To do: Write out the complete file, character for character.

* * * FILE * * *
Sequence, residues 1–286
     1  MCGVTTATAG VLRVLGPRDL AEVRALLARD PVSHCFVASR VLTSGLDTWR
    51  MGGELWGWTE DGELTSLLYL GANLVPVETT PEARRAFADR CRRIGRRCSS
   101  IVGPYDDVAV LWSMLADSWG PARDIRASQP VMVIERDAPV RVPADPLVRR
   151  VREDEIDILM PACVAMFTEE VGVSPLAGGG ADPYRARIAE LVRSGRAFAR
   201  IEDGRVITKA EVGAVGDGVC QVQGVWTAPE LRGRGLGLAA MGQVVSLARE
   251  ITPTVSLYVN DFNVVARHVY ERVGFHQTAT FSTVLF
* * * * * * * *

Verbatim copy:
Sequence, residues 1–286
     1  MCGVTTATAG VLRVLGPRDL AEVRALLARD PVSHCFVASR VLTSGLDTWR
    51  MGGELWGWTE DGELTSLLYL GANLVPVETT PEARRAFADR CRRIGRRCSS
   101  IVGPYDDVAV LWSMLADSWG PARDIRASQP VMVIERDAPV RVPADPLVRR
   151  VREDEIDILM PACVAMFTEE VGVSPLAGGG ADPYRARIAE LVRSGRAFAR
   201  IEDGRVITKA EVGAVGDGVC QVQGVWTAPE LRGRGLGLAA MGQVVSLARE
   251  ITPTVSLYVN DFNVVARHVY ERVGFHQTAT FSTVLF